The potential shortcoming of this view, according to Claps is that it drives standardization too far for types of services that would benefit from personalization and neglect interdependencies with other services.

Another view is the technologist point of view, which encourages agencies to web-enable, mobile-enable. Scott Lundstrom, Group Vice President and General Manager, IDC Health, Financial, Government Insights, said in the US this point of view revolve around the four pillars of the government’s digital strategy: information-centric, shared platform, customer-centric and security and privacy.

“There’re a lot of discussions from the technology perspective about the availability of cloud services, better mobility capabilities, much stronger analytics throughout the application of big data and new technologies there,” he said.  “Social frameworks and social media applications really do create a new technical platform for citizen engagement, and we really do see a focus on the cloud first policy…we see increasing investments in analytics, and  much on creating an information-centric shared platform that will truly deliver better citizen services while maintaining security and privacy.”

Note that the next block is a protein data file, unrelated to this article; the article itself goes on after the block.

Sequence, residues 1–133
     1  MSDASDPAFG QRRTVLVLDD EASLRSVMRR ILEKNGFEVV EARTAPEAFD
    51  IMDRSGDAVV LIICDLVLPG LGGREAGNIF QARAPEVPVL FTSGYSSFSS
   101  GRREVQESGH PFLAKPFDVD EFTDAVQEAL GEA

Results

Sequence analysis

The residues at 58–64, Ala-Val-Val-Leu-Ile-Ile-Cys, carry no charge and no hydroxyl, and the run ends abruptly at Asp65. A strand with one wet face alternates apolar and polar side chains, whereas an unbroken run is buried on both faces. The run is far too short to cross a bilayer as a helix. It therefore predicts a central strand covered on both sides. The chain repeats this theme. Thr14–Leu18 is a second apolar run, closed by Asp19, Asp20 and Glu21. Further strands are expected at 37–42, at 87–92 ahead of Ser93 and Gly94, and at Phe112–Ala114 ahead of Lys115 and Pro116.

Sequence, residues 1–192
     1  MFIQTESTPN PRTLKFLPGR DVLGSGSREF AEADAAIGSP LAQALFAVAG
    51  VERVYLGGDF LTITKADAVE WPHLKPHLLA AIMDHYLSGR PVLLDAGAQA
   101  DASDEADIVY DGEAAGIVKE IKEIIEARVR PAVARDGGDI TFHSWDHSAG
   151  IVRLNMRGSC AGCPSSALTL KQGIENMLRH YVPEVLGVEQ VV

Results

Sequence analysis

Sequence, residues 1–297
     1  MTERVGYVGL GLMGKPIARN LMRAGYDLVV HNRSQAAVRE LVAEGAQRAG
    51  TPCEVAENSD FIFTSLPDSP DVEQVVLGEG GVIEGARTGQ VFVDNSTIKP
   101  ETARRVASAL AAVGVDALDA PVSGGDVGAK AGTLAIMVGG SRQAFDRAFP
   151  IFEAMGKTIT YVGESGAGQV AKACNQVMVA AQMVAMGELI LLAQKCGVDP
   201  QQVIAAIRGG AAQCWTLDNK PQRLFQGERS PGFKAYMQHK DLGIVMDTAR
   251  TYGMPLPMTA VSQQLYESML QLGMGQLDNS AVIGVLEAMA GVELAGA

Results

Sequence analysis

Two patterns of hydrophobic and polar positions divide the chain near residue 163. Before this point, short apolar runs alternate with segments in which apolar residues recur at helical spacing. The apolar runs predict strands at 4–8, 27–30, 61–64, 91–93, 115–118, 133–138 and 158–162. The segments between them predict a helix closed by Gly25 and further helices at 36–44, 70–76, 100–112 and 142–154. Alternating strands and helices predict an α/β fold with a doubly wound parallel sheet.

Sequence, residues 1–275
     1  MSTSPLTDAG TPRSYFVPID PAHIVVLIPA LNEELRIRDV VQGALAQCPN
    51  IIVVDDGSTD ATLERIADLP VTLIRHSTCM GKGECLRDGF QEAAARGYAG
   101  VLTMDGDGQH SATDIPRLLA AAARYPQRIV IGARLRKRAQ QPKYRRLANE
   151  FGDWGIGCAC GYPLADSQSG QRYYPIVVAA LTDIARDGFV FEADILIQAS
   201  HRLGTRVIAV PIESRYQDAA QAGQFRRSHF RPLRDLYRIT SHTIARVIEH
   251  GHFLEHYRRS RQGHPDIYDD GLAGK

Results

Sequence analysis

The IDC executives, however, said this has the potential to take an asset-centric, rather than a service-centric view, runs the risk of building “taller” silos for web, mobile, social, cloud, ad may marginalize the non-IT literate citizens.

Meanwhile, the service manager view is always on how the end-to-end workflow could be optimized, which may include efforts to minimize the number of unnecessary interactions with citizens or focus on preventing mistakes that can lead to rework.